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CHAP. be shut. The Emperor Paul, from a determi

nation to undo every thing that his mother had done, and to do (as much as possible) that which she would not have done, caused it to be again opened ; although it were well known in Russia, that the merchant, after the church had been shut by the Empress's order, frequently avowed, and laughed at, the fraud he had committed'. Much after the same manner, during the plague in Moscow, about thirty years ago, a picture was placed in one of the streets of the city, to which the people eagerly thronged, upon the earliest intelligence of its arrival. The archbishop Ambrose, finding that the danger of spreading infection increased as the people

crowded to this picture, ordered it to be reAssassina- moved, and concealed in a church; but the

doors of the church were forced open by the populace; and the venerable prelate, being dragged from the convent of Donskoy, was inhumanly put to death. The late Empress, in her correspondence with Voltaire, gave an account of this event; recommending it to him as a supplement to the article Fanaticism, in the French Encyclopædia.

tion of an Archbishop.

(1) Paul published an ukase, in the Imperial Gazette of Petersburg, upon the 17th of December 1798, canonizing the new Saint.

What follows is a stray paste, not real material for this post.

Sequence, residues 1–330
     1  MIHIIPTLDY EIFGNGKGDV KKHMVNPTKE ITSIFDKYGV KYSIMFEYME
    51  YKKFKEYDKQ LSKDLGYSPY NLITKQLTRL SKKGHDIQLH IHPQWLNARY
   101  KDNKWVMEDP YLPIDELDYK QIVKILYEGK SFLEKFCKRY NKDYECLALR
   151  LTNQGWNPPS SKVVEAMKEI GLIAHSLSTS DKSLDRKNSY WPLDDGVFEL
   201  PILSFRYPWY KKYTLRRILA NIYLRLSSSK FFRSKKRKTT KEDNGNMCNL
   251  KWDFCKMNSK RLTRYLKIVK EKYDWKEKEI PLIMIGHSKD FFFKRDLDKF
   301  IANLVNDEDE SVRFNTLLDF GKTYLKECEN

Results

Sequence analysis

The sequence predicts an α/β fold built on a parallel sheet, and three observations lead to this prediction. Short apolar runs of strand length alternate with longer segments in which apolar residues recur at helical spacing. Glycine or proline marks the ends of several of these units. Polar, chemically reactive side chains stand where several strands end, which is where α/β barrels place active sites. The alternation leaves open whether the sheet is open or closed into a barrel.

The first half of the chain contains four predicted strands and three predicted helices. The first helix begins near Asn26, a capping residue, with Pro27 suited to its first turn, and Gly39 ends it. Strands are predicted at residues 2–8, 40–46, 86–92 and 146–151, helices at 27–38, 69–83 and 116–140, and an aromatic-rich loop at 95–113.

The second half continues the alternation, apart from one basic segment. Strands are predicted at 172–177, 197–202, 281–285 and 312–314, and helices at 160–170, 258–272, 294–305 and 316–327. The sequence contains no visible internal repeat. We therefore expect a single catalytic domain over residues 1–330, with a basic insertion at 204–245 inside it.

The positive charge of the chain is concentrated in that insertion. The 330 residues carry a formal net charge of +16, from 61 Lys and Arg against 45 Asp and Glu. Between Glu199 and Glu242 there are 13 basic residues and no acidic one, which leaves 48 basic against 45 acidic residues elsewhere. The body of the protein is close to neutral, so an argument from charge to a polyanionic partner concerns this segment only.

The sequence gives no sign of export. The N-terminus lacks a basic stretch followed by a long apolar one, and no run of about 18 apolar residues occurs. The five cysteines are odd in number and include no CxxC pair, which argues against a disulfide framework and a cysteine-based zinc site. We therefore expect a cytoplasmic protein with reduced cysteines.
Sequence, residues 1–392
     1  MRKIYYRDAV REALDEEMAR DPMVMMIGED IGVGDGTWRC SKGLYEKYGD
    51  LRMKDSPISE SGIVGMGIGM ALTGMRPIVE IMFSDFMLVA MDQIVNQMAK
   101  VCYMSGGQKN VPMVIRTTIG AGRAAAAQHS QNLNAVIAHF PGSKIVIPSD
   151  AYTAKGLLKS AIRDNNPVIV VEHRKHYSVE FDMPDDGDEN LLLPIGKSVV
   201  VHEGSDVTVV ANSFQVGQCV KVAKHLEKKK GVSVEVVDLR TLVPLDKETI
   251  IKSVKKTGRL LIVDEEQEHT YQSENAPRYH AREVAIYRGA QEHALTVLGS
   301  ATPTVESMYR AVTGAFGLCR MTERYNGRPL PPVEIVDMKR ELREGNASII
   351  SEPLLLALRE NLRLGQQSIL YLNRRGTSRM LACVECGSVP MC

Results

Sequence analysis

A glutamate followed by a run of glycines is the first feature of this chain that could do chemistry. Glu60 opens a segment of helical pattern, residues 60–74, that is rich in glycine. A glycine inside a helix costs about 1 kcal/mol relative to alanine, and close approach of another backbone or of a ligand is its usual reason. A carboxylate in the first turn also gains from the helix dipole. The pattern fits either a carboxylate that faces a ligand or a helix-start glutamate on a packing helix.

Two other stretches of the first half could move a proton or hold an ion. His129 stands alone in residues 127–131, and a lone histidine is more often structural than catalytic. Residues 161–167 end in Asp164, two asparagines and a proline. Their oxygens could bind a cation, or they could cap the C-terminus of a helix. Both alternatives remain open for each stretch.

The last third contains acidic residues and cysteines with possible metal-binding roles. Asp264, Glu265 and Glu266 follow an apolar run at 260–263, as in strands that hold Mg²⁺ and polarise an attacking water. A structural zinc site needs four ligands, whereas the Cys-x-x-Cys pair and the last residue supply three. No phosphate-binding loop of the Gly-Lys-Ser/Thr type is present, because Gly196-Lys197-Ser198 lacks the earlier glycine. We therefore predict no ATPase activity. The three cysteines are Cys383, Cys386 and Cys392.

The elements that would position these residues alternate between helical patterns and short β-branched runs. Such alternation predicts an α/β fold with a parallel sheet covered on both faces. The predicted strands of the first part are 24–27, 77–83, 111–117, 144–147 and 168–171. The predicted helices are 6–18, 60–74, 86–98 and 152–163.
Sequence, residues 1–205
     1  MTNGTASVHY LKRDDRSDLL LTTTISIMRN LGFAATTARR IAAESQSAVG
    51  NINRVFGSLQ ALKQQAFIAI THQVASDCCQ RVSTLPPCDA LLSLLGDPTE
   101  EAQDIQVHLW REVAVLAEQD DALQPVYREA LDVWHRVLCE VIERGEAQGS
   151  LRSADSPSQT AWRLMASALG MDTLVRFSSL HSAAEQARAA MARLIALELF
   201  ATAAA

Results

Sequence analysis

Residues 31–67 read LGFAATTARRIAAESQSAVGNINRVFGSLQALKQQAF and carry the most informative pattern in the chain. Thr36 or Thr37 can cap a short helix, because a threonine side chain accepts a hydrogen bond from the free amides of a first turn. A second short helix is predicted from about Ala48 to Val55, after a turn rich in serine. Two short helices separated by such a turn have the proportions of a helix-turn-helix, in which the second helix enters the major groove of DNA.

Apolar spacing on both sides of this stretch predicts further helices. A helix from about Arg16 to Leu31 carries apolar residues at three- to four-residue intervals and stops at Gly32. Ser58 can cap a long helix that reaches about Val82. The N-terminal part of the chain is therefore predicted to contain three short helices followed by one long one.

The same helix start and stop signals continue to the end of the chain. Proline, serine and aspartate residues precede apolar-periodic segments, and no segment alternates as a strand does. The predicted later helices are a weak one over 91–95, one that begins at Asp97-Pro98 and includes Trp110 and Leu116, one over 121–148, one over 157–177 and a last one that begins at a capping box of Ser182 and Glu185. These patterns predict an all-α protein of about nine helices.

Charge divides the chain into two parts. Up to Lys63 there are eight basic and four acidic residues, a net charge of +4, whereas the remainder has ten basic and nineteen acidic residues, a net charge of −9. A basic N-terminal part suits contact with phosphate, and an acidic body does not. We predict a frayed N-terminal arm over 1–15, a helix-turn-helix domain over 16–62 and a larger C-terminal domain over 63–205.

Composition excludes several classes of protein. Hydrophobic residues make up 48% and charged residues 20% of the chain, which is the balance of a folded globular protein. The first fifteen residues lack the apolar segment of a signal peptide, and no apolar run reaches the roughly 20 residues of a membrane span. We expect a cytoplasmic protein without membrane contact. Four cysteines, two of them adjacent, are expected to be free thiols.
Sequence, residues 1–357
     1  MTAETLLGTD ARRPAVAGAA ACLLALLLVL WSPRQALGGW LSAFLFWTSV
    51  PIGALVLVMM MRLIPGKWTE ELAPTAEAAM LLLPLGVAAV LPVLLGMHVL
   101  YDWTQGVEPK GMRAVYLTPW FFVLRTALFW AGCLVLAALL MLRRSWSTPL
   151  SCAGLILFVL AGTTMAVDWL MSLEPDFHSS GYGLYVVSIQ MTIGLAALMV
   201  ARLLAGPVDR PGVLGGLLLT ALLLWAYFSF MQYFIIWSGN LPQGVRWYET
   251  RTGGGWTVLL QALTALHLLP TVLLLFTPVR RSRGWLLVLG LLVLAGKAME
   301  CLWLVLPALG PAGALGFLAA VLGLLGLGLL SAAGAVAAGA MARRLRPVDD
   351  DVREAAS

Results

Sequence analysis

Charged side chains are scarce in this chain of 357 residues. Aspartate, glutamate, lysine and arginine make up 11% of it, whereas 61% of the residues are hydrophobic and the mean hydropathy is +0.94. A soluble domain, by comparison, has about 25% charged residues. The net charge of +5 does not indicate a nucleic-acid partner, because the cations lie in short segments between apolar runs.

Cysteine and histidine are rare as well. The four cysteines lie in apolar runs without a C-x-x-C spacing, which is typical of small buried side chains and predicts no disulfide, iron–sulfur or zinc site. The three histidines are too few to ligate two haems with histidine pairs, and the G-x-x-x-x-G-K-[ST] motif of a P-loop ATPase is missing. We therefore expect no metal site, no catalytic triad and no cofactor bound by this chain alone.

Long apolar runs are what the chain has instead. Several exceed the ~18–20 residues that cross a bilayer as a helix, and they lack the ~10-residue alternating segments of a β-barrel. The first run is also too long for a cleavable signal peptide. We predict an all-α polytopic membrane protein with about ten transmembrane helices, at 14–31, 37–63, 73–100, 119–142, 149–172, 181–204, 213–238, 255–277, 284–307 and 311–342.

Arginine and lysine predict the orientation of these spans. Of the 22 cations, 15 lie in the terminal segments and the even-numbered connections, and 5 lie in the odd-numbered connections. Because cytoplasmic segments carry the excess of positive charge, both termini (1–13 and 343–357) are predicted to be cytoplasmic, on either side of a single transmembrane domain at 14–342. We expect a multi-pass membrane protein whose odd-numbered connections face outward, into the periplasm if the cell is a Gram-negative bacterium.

(2) Lettres de l'Impér, de Russie, &c. Lett. 94.

All that has been said or written of RomanCatholic bigotry affords but a feeble idea of the superstition of the Greek Church. It is certainly the greatest reproach to human reason, the severest satire upon universal piety, that has yet disgraced the history of mankind. The wild, untutored savage of South America, who prostrates himself before the Sun, and pays his adoration to that which he believes to be the source of life and light, exercises more rational devotion than the Russian, who is all day crossing himself before his Bogh, and sticking farthing candles near a picture of St. Alexander Nevsky. But in the adoration Motive for paid by this people to their Saints and Virgins, slip of we may discern strong traces of their national character. The homage they offer to a court parasite, or to a picture, is founded upon the same principle; and in all their views, political or religious, they are actuated by similar motives. A Deity, and a despot, by the nature of the one, and the policy of the other, are too far removed from their view to admit of any immediate applications. All their petitions, therefore, instead of being addressed at once either to a spiritual or to a temporal throne, are directed to the one or to the other by channels falling more immediately under observation. Thus we find favouritism to be the leading feature


the Wor



CHAP. of the Russian government, and the adoration

of Saints the whole of their religion. The Sovereign is disregarded in the obeisance offered to his parasites; and the Creator entirely forgotten in the idolatrous worship of his creatures.

Resem.' blance be

As we lived in some degree of intimacy with tween the many of the Russian nobility, their manners and and Nea. opinions could not escape our notice. Of all politans.